Inside Trinity’s book repository: Santry Stacks
Ever ordered a book from the santry stacks and wondered what the place is like? Trinity News takes a look inside the repository
“The library’s status as a legal deposit or ‘copyright’ library, the only one in Ireland, means that it is entitled to free copies of any material published in either Ireland or the United Kingdom”
The Trinity College Library has a book repository in Santry which acts as storage for over three million books, a staggering 80% of the library’s material. Items from the rapidly expanding collections are rotated from open shelves to storage and back to open shelves as per request. The library’s status as a legal deposit or “copyright” library, the only one in Ireland, means that it is entitled to free copies of any material published in either Ireland or the United Kingdom within twelve months of its publication. These rights were first bestowed on the Trinity Library in 1801, as well as on the Cambridge University Library, the Bodleian Library at Oxford, the National Library of Wales and the National Library of Scotland, and were later renewed by the British Legal Deposit Libraries Act of 2003.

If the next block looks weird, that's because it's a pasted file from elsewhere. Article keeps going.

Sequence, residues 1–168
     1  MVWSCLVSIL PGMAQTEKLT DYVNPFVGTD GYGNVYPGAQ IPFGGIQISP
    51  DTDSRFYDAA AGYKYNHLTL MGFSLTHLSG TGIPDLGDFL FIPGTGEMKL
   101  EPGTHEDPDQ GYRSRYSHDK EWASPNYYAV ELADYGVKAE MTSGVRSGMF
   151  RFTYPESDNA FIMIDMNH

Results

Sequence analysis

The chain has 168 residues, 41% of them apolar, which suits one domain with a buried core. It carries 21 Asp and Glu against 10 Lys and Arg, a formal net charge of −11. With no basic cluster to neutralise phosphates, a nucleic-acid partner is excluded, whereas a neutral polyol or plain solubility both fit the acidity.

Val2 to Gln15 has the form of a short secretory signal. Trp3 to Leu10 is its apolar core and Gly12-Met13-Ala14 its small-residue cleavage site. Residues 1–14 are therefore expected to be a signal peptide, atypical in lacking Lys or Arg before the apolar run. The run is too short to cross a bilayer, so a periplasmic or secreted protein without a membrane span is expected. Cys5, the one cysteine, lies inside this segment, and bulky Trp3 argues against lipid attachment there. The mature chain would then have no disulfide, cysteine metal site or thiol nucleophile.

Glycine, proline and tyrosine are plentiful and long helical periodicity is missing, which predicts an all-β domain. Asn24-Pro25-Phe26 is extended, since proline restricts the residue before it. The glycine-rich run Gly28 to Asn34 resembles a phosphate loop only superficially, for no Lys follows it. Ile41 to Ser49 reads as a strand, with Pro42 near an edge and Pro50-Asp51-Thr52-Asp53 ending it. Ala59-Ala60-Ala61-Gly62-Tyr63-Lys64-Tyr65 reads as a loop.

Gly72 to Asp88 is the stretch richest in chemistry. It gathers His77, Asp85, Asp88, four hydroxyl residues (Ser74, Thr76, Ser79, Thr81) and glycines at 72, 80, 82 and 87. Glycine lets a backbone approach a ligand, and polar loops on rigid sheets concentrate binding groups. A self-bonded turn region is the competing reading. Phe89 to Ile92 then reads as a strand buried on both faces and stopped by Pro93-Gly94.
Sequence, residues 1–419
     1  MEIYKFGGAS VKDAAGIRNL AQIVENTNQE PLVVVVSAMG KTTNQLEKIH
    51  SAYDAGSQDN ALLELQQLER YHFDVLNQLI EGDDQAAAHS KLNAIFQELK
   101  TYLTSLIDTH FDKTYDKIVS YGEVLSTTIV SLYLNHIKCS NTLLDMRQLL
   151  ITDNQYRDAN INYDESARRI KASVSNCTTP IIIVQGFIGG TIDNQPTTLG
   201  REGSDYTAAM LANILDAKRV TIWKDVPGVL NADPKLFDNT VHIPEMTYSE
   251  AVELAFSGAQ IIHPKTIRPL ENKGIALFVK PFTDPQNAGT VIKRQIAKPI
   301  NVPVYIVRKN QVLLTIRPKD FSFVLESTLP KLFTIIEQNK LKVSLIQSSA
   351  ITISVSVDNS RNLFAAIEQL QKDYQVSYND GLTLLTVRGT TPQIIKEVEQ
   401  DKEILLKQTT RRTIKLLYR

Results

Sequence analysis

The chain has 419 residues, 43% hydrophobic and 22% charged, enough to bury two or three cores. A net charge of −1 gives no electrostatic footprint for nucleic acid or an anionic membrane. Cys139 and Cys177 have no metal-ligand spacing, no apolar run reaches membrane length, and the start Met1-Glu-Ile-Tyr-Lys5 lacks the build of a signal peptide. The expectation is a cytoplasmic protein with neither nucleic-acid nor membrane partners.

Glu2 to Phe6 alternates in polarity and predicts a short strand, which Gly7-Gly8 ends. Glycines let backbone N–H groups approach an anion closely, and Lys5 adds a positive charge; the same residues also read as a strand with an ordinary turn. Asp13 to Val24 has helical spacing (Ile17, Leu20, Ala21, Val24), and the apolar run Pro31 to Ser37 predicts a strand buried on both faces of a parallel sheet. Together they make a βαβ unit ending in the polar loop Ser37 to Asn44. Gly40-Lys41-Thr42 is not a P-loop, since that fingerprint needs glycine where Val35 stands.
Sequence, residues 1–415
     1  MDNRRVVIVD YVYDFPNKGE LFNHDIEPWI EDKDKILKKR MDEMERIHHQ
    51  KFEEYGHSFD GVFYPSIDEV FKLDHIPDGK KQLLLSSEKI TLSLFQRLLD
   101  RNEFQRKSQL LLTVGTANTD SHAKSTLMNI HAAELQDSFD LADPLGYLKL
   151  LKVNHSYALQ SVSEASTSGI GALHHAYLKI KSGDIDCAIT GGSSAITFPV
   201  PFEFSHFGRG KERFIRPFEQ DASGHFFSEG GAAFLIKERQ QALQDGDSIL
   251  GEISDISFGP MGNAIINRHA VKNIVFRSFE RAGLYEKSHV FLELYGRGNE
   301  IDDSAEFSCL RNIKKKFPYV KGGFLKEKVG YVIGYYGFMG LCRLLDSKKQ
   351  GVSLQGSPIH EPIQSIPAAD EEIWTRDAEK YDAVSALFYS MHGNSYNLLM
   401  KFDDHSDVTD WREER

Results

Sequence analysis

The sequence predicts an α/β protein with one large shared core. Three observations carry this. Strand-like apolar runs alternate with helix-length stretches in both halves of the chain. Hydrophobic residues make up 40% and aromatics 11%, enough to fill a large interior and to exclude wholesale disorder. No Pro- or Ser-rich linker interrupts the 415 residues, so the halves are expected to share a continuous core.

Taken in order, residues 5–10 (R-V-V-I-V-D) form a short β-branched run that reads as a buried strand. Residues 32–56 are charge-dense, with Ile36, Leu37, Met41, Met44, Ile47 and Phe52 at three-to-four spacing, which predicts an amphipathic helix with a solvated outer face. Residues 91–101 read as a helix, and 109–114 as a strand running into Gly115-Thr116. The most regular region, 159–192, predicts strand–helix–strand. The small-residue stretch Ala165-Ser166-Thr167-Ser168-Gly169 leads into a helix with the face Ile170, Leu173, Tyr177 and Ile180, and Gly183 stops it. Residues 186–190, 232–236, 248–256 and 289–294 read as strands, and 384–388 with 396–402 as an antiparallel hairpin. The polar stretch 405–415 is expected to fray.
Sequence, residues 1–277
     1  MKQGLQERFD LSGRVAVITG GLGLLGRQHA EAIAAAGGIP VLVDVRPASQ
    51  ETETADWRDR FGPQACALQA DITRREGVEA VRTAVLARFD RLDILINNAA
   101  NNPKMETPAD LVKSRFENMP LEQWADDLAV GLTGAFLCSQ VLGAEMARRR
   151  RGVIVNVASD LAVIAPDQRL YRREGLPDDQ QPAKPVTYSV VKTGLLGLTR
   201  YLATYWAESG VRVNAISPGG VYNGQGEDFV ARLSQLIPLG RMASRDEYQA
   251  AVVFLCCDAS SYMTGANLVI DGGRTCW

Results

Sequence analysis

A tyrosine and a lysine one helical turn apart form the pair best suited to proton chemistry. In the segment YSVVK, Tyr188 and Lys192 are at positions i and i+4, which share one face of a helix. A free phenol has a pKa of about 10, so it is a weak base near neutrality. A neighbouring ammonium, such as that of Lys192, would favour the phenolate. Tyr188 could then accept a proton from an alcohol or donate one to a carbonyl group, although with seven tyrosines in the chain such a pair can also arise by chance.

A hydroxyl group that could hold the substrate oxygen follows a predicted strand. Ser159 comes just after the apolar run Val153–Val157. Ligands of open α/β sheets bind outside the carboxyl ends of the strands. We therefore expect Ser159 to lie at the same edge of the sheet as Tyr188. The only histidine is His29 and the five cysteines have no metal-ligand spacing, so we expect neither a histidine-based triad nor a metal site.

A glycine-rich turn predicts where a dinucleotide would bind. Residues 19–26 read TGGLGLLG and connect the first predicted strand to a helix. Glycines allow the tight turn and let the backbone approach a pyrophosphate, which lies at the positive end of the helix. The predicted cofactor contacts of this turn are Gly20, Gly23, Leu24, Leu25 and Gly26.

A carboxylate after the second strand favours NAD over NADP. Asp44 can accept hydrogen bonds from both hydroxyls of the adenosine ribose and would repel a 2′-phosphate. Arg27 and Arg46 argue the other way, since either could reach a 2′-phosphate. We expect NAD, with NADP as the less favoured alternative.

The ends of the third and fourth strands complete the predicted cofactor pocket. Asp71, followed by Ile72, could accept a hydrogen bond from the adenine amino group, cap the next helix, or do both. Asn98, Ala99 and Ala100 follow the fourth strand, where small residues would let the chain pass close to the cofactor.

With an estimated 600,000 books published per year in the UK and Ireland, these institutions handle the administrative hurdles of obtaining material through the Agency for the Legal Deposit Libraries. The Agency acts on behalf of the five legal deposit libraries outlined in UK and Irish law. It makes submissions to publishers on behalf of the libraries, and the publishers are then responsible for sending copies of material directly to the individual libraries. The libraries themselves are also entitled to submit requests directly to publishers, and frequently copies of works are submitted to the Agency in advance of requests. Materials from the UK are handled in the British office, which has recently been relocated due to space constraints from London to the National Library of Scotland in Edinburgh. Meanwhile, materials from Ireland are forwarded to the Trinity Library.
The Library now also offers a voluntary deposit service for electronic publications, where Irish publishers can log in and deposit their publications directly in a distinct collection in their profile. The service is free of charge and the online repository is user-friendly for both publisher and reader, as each publisher has its own collection search facility and available usage statistics and every document has a permanent URL. Online book repositories are increasingly useful for students and researchers, especially in cases of high-demand books. Though tactile loss is a significant factor in the e-book revolution, the efficiency of no shipping costs or wait time, searchable and linkable texts, adjustable fonts, bookmarking and highlights is uncontested. For large-scale libraries in particular, online journals, e-books, academic articles and newspaper or periodical archives save considerable physical space, acting as a solution to what is one of the most prominent issues faced by libraries today.
Inside Santry Stacks